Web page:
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Robert W. Johnson & Associates was retained to provide economic testimony in quantifying the present cash value of lost earning capacity and future medical expenses.

Location: Chatsworth, California

Case: Barry Bowman v. City of Los Angeles, et al.

Court: Superior Court of the State of California, County of Los Angeles, North Valley District, Case No. BC 329390.

Plaintiff’s Attorneys: Plaintiff’s attorneys Robert H. Tourtelot of Tourtelot & Butler, Los Angeles, California and Michael Alder of Alder Law, Beverly Hills, California.

Judge: The Honorable Holly E. Kendig.

Case Synopsis: Plaintiff Mr. Barry, Bowman, 59, was a retired officer with the Los Angeles Police Department, and was currently working as a security officer on a movie set. Tommy Wyatt, Jr., was a dump truck driver working under a contract with the City of Los Angeles.

On October 13, 2004, Mr. Bowman, was riding his motorcycle on his way home. Tommy Wyatt’s dump truck entered the intersection from a road on the right to make a left hand turn. The truck struck Mr. Bowman, and Mr. Bowman sustained major injuries, including:

  • permanent brain damage,
  • permanent loss of vision in one eye,
  • substantial loss of hearing,
  • a fractured hip joint and femur in his right leg,
  • severance of his carotid artery from ear to ear, and
  • two major strokes during the early stages of hospitalization.

As a result of these injuries, Mr. Bowman will require a caretaker 24 hours a day, seven days a week, for the remainder of his life. Mr. Bowman sued the City of Los Angeles and Defendant Wyatt. Bowman claimed that Wyatt was negligent in his operation of the vehicle and the City was liable as his employer. The City of Los Angeles argued that Wyatt was an independent contractor, not its employee, and that therefore the City was not liable for the accident.

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Expert Testimony: First, Mr. Johnson was asked to calculate Mr. Bowman’s loss of future earning capacity. In calculating the earnings loss, Mr. Johnson first looked at Mr. Bowman’s earnings through the date of injury. He then annualized and grew his earnings to current year’s dollars to yield $88,701 per annum. Mr. Johnson also included the federal minimum fringe benefits rate of 9.3% of wages. Since Mr. Bowman had no plans for retirement, Mr. Johnson took his work-life out to age 79. No mitigating income was included as Mr. Bowman would not be reentering the workforce.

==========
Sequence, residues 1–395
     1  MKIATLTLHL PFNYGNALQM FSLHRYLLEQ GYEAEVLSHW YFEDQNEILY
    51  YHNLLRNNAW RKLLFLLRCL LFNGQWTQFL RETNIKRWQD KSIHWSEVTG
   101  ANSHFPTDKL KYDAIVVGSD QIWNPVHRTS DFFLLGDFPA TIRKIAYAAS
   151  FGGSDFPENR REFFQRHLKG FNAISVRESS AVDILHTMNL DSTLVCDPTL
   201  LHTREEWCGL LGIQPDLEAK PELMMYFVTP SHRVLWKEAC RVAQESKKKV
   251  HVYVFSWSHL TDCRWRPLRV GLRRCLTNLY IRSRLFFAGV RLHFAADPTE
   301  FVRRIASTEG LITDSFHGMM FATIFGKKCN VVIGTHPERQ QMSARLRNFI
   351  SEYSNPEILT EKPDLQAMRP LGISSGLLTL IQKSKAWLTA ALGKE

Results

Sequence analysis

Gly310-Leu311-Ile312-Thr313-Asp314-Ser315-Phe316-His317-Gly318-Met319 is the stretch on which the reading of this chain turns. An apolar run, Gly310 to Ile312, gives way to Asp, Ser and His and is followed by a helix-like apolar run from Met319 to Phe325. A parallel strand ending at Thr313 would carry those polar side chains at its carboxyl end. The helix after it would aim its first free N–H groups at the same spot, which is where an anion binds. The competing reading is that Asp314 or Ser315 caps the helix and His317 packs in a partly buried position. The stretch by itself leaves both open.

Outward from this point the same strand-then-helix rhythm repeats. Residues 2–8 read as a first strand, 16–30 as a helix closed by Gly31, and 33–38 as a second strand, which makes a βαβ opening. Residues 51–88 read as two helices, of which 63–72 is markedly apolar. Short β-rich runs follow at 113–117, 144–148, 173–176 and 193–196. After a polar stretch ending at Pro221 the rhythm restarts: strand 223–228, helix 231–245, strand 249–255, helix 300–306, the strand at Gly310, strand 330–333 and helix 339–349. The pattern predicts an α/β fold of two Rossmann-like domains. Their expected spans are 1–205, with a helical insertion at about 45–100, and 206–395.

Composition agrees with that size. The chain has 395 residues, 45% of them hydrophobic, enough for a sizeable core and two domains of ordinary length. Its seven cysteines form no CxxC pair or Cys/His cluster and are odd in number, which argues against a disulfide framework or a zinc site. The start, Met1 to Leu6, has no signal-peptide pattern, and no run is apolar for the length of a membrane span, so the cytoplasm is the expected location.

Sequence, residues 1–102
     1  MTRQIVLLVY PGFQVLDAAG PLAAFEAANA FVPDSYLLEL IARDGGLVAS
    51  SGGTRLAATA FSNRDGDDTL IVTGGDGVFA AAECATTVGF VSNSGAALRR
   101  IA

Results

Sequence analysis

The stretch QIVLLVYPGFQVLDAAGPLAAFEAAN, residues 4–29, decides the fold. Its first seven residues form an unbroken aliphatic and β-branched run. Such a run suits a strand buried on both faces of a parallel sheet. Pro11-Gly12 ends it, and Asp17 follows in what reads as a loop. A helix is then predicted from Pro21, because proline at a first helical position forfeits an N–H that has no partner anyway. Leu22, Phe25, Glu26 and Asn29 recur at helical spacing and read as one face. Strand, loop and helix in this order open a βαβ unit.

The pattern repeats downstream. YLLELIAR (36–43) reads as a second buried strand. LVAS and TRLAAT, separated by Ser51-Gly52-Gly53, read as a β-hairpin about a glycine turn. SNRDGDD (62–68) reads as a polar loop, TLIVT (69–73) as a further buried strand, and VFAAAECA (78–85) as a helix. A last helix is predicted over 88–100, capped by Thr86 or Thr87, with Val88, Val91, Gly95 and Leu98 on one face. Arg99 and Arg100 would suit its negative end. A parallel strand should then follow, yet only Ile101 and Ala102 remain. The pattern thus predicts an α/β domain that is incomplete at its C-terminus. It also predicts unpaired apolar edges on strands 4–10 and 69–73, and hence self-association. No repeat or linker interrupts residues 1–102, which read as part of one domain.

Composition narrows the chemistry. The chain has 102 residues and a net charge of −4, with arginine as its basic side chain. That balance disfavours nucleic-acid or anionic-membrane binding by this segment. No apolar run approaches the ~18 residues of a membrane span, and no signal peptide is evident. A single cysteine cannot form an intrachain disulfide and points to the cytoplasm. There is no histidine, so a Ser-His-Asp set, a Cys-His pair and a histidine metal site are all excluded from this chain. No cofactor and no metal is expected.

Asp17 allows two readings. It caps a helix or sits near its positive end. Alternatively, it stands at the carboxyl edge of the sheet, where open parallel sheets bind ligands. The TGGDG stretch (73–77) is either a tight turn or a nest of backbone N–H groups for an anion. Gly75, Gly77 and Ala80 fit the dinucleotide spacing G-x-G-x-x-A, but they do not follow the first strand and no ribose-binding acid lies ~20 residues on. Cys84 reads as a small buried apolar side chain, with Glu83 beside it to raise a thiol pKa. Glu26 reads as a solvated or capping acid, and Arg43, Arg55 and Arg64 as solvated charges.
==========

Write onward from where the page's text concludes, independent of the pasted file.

Second, Mr. Johnson was asked to calculate Mr. Bowman’s future lifetime medical expenses. Mr. Johnson reviewed the life care planner’s future medical plan. Since Mr. Bowman suffered a brain injury, he will be dependent on 24-hour care for the rest of his life. Mr. Johnson presented two future medical expense scenarios. The first scenario consisted of attendant care on an hourly basis. The second scenario consisted of attendant care based on live-in rates.

Results: After 12 days of trial, the jury awarded Mr. Bowman $15,735,000. The award consisted of:

  • $1,500,000 in past pain and suffering,
  • $9,500,000 in future pain and suffering,
  • $776,000 in past medical expenses and lost earnings and
  • $3,959,000 future medical expenses and lost earnings.

Attorney Comments: According to Plaintiff’s attorney Robert Tourtelot, "Mr. Johnson played a major role in our obtaining the highest personal injury verdict ever in the Chatsworth, California Courthouse. Mr. Johnson did an excellent job helping present our economic damages. Mr. Johnson came prepared with his presentation material which helped the jury follow along. This is especially helpful when there is more than one scenario like we had. In addition, Mr. Johnson was able to remind the jury that the oldest person at plaintiff’s work was 81 years of age. Mr. Johnson put up a range of $3.2 to $4.8 million in past and future economic damages. The defense economist only put up a range of $1.4 to $1.7 million. The jury awarded us $4.7 million for these damages. As you can see, the jury definitely sided with Mr. Johnson’s testimony. We certainly intend to utilize his services in our future cases.”